The climate refugees are coming


What do countries consider a threat to national security? Nuclear proliferation? Yes. Espionage? Of course. People displaced by the drought, flooding, and other effects of global warming? Definitely.

This week, a European Union report warned of the dangers of “environmentally induced migration.”

According to an article in the Daily Telegraph:

The EU analysis of the security threats posed by global warming predicts social unrest as an influx of immigration sweeps “destination” Europe, following failing harvests and environmental conflicts in the world’s poorest countries.

 

“There will be millions of ‘environmental’ migrants by 2020, with climate change as one of the major drivers of this phenomenon,” states the report. “Such migration may increase conflicts in transit and destination areas. Europe must expect substantially increased migratory pressure.”

 

The stark report, written by Javier Solana, the EU foreign policy chief, and Benita Ferrero-Waldner, the Commissioner for External Relations, forecasts the rise of vicious new conflicts following the impact of climate change.  “The inability of a government to meet the needs of its population as a whole or to provide protection in the face of climate change-induced hardship could trigger frustration, lead to tensions between ethnic and religious groups within countries to political radicalization. This could destabilize countries and even entire regions,” says the report.

The countries that make up the EU aren’t the only one’s worried about mass climate migration threatening national security; the Canadian and US governments have also noted the risk. According to the US report, “National Security and the Threat of Climate Change”:

Projected climate change will add to tensions even in stable regions of the world. The U.S. and Europe may experience mounting pressure to accept large numbers of immigrant and refugee populations as drought increases and food production declines in Latin America and Africa. Extreme weather events and natural disasters, as the U.S. experienced with Hurricane Katrina, may lead to increased missions for a number of U.S. agencies, including state and local governments, the Department of Homeland Security, and our already stretched military, including our Guard and Reserve forces.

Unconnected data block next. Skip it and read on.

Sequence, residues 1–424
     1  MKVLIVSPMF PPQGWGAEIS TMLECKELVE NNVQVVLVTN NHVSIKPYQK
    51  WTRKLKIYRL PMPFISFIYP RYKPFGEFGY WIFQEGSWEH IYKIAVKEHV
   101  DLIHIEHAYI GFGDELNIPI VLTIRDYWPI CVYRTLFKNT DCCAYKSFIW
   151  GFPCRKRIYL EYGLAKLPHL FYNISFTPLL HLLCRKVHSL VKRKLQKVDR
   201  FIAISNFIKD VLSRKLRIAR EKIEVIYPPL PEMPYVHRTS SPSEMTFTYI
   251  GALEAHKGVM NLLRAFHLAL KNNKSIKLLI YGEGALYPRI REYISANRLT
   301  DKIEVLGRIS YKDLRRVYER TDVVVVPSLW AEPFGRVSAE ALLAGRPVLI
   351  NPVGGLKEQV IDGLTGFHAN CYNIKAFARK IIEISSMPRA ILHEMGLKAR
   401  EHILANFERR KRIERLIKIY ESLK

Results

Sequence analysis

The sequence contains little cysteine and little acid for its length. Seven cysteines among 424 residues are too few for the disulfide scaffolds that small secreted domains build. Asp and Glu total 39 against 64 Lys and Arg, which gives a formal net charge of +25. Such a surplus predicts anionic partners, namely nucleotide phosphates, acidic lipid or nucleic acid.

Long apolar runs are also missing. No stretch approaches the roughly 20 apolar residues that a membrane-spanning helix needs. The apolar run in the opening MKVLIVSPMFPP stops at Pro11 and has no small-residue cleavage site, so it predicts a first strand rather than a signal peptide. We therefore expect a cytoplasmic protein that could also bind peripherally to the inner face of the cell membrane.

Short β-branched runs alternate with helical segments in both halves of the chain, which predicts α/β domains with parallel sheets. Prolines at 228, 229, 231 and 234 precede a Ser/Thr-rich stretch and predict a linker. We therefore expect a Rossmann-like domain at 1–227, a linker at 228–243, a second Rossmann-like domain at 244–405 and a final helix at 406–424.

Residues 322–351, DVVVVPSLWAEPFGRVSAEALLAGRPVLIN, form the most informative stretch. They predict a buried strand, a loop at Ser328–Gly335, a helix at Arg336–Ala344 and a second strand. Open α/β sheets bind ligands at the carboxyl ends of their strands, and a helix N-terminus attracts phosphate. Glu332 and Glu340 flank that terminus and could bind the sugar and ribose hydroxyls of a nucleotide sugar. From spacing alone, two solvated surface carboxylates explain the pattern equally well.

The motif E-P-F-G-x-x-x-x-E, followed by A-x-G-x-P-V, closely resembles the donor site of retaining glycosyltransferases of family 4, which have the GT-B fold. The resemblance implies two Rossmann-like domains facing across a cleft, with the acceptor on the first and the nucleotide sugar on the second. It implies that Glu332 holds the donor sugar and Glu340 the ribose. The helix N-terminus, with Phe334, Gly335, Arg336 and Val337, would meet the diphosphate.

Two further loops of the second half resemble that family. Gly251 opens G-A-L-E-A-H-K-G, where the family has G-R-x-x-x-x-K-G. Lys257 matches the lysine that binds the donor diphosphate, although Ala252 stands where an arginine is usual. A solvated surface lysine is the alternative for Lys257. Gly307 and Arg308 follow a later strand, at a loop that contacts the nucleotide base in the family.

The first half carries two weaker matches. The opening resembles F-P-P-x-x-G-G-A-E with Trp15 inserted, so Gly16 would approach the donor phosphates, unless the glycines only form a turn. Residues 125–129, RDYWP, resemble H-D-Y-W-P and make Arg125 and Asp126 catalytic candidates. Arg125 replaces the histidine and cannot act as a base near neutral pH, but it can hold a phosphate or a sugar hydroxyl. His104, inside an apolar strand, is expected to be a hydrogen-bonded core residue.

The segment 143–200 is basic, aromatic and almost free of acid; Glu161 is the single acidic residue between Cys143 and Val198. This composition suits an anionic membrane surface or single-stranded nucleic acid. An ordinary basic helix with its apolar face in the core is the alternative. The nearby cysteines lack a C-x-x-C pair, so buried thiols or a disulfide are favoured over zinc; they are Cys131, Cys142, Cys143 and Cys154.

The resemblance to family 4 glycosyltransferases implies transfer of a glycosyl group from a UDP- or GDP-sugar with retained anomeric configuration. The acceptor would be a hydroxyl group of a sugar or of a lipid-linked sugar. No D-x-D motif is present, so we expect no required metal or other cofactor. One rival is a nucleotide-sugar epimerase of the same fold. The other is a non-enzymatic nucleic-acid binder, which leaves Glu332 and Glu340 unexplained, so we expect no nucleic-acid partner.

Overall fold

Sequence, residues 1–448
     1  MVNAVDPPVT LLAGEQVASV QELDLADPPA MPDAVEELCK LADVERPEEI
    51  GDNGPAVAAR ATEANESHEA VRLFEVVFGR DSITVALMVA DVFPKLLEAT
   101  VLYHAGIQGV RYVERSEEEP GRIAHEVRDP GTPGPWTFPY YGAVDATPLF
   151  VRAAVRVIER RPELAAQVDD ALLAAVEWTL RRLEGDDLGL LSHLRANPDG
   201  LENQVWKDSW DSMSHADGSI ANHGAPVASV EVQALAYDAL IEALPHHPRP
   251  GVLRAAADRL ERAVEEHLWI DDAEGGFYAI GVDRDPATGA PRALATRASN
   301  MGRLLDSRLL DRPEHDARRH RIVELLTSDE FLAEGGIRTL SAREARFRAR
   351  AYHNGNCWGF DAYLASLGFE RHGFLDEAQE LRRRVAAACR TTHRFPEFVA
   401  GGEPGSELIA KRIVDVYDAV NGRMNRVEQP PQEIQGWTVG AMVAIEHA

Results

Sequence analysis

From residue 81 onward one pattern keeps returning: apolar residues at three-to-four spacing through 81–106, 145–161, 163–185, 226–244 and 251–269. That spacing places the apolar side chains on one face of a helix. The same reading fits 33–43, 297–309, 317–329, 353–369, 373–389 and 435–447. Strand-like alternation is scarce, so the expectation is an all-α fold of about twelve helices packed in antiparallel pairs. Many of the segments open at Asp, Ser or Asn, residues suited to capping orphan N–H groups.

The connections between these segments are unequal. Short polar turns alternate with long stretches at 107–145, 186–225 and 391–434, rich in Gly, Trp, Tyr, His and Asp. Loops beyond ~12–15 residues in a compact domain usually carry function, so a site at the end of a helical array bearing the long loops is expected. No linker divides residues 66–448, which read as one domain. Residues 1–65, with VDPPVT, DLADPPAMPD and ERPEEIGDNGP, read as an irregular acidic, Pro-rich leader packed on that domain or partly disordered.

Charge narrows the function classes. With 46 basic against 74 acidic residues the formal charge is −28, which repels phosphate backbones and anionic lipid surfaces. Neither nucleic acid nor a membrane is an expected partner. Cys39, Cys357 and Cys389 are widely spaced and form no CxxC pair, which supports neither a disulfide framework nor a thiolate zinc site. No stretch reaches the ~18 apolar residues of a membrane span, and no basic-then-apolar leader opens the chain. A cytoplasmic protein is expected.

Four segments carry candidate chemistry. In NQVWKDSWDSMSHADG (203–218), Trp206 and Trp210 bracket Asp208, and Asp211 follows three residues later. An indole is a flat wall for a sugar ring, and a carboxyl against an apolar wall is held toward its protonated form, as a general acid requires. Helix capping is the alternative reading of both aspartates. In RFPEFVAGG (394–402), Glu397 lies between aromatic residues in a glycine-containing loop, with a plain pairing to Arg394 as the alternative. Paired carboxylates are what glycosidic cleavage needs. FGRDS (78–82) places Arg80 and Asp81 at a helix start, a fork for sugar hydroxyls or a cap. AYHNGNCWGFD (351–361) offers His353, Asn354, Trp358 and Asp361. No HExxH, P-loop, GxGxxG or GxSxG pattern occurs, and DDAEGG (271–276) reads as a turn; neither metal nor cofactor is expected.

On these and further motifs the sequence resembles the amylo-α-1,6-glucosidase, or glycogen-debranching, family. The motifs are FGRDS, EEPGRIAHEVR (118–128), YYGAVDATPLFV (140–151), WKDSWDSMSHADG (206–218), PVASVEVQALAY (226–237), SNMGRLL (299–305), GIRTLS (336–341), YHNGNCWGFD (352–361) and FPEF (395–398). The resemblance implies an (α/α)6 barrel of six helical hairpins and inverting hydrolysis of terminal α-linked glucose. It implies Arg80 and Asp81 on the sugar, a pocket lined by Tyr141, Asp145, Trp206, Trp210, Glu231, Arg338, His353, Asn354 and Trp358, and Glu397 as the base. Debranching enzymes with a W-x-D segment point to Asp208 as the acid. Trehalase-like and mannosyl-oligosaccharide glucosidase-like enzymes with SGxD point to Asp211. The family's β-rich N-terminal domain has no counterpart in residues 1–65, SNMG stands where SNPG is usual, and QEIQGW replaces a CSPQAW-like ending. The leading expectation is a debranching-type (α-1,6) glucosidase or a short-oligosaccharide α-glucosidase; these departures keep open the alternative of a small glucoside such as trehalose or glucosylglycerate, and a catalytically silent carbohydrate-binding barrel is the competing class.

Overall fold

If the US population swells, maybe military enlistment will, too.

Millions of people being displaced by global warming is obviously a big deal, but it’s unlikely all of them will pick up and move to the States or the UK. Unless they’re residents of Tuvalu, climate refugees won’t necessarily leave their country.

We’d like to see wealthier countries start taking action now—like legally recognizing climate refugees so that there are systems in place for protecting and resettling them. Cutting CO2 emissions won’t hurt, but we could also pitch in and help poor countries (which will bear the brunt as the planet warms) adapt to climate change.

It’s like we learned in Boy Scouts: Be prepared. (Ok, fine, we were Brownies, but you know what we mean.)

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